In July 2021, the EC opened an in-depth phase II investigation on the basis of concerns about the impact of the transaction on the development and supply of NGS-based cancer detection tests. The EC’s concerns were based on non-standard theories of harm, namely threats to future competition in a vertical context. The EC was concerned that Illumina could engage in vertical input foreclosure strategies given its leading position in the NGS systems that are crucial inputs for the development and commercialisation of NGS-based cancer detection tests such as those offered by Grail. In particular, the EC appears to have had concerns that Illumina might have the ability and incentive to limit innovation efforts that could lead to alternatives to Grail’s technology.
While the EC’s review of the transaction was ongoing, the parties closed the transaction in August 2021. Subsequently, the EC started a gun-jumping investigation against Illumina for infringing the EUMR’s standstill obligation. The EC also imposed interim measures that require Grail to be kept separate from Illumina and be run by an independent hold separate manager.
In April 2021, Illumina challenged before the EU’s General Court (supported by Grail) the EC‘s decision to accept jurisdiction to review the transaction pursuant to Article 22(3) EUMR, and sought its annulment under an expedited procedure.
Illumina also filed legal proceedings in France and the Netherlands to try to stop the national competition authorities in these countries from requesting a referral, but in both jurisdictions these proceedings failed (see our previous alert here).
Snapshot overview of key dates
The GC clarified that an EC decision accepting a referral request is an act that can be challenged as such, including because the transfer of jurisdiction to the EC could delay the implementation of the concentration unduly if it was unlawful. In the context of the French proceedings, the French courts found that the referral request by a national competition authority cannot be challenged by the undertaking concerned before the national courts because such referral cannot be severed from the EC’s merger review (see our previous alert here).
Confirmation of jurisdiction under Article 22
Illumina, supported by Grail, argued that the EC could not accept a referral request under Article 22 where the Member States making that request are not entitled, under their national merger control rules, to examine the transaction which is the subject of that request.
The GC applied a literal, contextual, teleological and historical interpretation, concluding as follows:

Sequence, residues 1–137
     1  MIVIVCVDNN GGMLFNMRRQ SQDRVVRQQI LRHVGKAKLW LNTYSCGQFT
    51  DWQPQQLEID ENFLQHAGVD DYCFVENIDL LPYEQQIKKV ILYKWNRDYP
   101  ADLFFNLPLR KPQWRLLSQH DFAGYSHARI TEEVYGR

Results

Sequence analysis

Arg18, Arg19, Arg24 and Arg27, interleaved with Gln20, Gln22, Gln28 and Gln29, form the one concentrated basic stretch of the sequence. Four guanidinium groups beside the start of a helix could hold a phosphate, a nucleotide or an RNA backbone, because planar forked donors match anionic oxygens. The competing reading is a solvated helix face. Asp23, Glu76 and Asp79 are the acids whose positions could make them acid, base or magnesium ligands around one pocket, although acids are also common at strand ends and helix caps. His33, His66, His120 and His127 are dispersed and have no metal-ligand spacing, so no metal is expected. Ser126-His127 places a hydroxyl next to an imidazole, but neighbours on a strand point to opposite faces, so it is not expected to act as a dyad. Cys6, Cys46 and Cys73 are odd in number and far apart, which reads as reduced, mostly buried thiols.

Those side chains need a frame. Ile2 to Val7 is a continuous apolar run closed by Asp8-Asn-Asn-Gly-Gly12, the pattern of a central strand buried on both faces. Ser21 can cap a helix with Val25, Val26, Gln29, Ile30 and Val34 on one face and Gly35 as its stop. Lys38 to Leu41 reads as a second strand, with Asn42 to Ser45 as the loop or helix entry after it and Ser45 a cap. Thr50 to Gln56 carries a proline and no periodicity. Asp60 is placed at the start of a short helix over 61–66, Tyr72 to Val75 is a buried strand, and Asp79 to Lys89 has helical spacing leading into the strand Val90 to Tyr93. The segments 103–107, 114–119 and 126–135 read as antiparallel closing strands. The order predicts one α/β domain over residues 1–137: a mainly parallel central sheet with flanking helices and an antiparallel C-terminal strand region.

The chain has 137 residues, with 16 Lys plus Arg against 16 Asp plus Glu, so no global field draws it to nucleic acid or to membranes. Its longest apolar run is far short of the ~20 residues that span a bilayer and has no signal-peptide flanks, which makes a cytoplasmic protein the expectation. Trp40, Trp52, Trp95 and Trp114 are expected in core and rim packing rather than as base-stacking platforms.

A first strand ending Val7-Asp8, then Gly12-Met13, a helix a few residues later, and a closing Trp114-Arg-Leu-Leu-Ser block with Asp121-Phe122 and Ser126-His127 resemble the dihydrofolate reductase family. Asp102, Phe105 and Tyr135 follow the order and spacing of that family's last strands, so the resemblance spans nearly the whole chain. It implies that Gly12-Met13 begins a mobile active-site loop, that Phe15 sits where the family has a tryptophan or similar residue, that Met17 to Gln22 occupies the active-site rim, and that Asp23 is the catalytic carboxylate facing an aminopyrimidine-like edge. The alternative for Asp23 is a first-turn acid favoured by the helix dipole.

- Article 22 provides for the following four cumulative conditions that must be met: (i) the request must be made by one or more Member States; (ii) the transaction must satisfy the definition of “concentration” without meeting the thresholds for European dimension; (iii) the transaction must affect trade between Member States; and (iv) the transaction must threaten to significantly affect competition within the territory of the Member State or States which made the referral request.
- The wording of Article 22 (1), in particular the use of the expression “any concentration”, makes it clear that a Member State is entitled to refer any concentration to the EC which satisfies the cumulative conditions set out therein, irrespective of the existence or scope of national merger control rules.
- Although the referral mechanism the EC established was originally to be used in respect of Member States without their own merger control system, its applicability is not limited to that situation alone. The legislature’s intention was to strengthen the application of EU competition law to transactions with cross-border effects, to strenghen the “one-stop shop” principle, and to alleviate the problem of multiple filings.
- The extent of the EC’s power to review mergers depends primarily on the fulfilment of the turnover thresholds which define European dimension, but also, in the alternative, on the referral mechanisms under Article 22.
- Referral mechanisms are “an instrument intended to remedy control deficiencies inherent in a system based principally on turnover thresholds which, because of its rigid nature, is not capable of covering all concentrations which merit examination at European level.” Article 22 pfrovides the flexibility necessary for the examination, at EU level, of concentrations which are likely to significantly impede effective competition in the internal market which, because the turnover thresholds have not been exceeded, would otherwise escape control under the merger control systems of both the European Union and the Member States.